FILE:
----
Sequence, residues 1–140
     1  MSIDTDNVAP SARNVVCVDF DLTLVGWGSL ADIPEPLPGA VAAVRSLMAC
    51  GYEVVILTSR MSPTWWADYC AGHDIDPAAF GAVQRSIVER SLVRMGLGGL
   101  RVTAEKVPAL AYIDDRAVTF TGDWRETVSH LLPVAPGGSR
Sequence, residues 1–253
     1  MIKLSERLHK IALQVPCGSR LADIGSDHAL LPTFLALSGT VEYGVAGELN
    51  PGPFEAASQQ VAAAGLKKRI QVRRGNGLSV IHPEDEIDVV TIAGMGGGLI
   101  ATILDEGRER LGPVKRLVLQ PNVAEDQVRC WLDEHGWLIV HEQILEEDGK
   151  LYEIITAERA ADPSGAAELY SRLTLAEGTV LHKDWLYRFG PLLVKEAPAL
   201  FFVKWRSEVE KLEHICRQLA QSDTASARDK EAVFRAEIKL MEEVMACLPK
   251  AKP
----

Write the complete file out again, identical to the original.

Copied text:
Sequence, residues 1–140
     1  MSIDTDNVAP SARNVVCVDF DLTLVGWGSL ADIPEPLPGA VAAVRSLMAC
    51  GYEVVILTSR MSPTWWADYC AGHDIDPAAF GAVQRSIVER SLVRMGLGGL
   101  RVTAEKVPAL AYIDDRAVTF TGDWRETVSH LLPVAPGGSR
Sequence, residues 1–253
     1  MIKLSERLHK IALQVPCGSR LADIGSDHAL LPTFLALSGT VEYGVAGELN
    51  PGPFEAASQQ VAAAGLKKRI QVRRGNGLSV IHPEDEIDVV TIAGMGGGLI
   101  ATILDEGRER LGPVKRLVLQ PNVAEDQVRC WLDEHGWLIV HEQILEEDGK
   151  LYEIITAERA ADPSGAAELY SRLTLAEGTV LHKDWLYRFG PLLVKEAPAL
   201  FFVKWRSEVE KLEHICRQLA QSDTASARDK EAVFRAEIKL MEEVMACLPK
   251  AKP